information about the Ozarks because people don't know very much about how
beautiful it is. I was born in Oklahoma and the Ozarks was a vacation place. it
was where people went on honeymoons. A friend also settled there when she got a
huge contract to do Christmas ornaments and couldn't find enough crafts people
to make the quantity she needed. She did in Ozark Springs. So talk it up.

In the meantime it might be helpful to contact Narara Ecovillage. Lyndall Parris
has been working on this concept for years -- an Ecovillage composed of several
smaller cohousing communities. An ecovillage needs a critical mass to be truly
an ecological system (500 people?) but that is far too many for a cohousing
community. I haven't been in touch with the details lately but I think it would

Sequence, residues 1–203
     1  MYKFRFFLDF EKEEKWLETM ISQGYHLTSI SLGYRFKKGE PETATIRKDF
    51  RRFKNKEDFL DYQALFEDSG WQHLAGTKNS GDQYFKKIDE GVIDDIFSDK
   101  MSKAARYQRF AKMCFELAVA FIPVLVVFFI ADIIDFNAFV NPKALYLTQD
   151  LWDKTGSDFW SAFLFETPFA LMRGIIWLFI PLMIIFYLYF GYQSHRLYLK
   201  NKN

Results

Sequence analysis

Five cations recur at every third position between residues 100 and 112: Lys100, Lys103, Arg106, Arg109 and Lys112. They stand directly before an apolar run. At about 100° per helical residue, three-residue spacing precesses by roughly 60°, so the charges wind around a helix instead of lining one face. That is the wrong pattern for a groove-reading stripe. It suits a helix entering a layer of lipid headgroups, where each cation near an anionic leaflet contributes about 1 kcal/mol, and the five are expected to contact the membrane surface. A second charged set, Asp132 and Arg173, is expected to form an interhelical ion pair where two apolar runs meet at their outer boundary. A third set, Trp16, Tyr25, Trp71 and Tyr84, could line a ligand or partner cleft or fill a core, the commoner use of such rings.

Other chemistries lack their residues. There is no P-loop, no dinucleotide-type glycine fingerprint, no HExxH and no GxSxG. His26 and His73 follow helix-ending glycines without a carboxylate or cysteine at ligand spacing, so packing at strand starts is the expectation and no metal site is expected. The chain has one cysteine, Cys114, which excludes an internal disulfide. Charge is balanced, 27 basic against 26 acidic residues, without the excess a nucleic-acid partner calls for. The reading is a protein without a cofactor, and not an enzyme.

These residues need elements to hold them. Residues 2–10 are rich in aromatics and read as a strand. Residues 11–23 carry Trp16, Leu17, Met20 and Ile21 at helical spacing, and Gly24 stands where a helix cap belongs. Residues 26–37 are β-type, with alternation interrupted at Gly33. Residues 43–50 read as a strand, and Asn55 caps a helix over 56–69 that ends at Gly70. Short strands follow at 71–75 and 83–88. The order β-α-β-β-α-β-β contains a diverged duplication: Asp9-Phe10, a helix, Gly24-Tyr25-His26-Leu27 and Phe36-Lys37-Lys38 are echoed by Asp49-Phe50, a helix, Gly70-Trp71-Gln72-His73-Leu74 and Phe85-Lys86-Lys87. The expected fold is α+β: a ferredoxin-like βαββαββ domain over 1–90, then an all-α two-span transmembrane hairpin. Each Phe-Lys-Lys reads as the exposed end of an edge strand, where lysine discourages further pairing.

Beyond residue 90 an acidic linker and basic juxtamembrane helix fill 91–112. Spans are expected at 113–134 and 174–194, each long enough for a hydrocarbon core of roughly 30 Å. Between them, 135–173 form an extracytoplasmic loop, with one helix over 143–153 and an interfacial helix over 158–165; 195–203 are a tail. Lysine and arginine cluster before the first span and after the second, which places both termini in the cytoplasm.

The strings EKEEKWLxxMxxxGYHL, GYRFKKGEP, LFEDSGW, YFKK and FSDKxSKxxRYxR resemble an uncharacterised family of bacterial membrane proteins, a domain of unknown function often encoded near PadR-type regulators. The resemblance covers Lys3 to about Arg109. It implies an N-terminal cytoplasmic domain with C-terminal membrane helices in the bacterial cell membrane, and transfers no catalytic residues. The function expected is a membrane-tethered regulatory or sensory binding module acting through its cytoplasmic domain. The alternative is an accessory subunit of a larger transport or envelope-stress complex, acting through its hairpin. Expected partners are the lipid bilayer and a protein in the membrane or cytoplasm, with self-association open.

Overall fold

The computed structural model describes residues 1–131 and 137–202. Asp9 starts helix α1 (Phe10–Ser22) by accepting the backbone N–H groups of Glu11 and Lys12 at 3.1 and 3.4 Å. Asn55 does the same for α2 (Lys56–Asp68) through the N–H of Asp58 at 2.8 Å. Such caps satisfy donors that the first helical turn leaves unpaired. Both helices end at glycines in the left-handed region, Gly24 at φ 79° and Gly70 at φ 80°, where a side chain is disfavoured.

be a good resource even though it is in Australia.

Sharon Villines, Washington DC
"Logic will get you from A to B. Imagination will take you everywhere." Albert

> includes space for several
> clusters of closely placed residential units (up to 109 total); a
> greenhouse/community garden and seasonal farmers market complex; and a
> mix of private, nonprofit and public facilities/programs dedicated to
> environmental, horticultural, health-fitness, arts and educational
> purposes--see website at

Sorry, I now see you did include a link to your lovely website. I was so focuses
on getting the Australian community link to you I didn't notice it.

Target price range or price ranges from Zillow or such would also be helpful.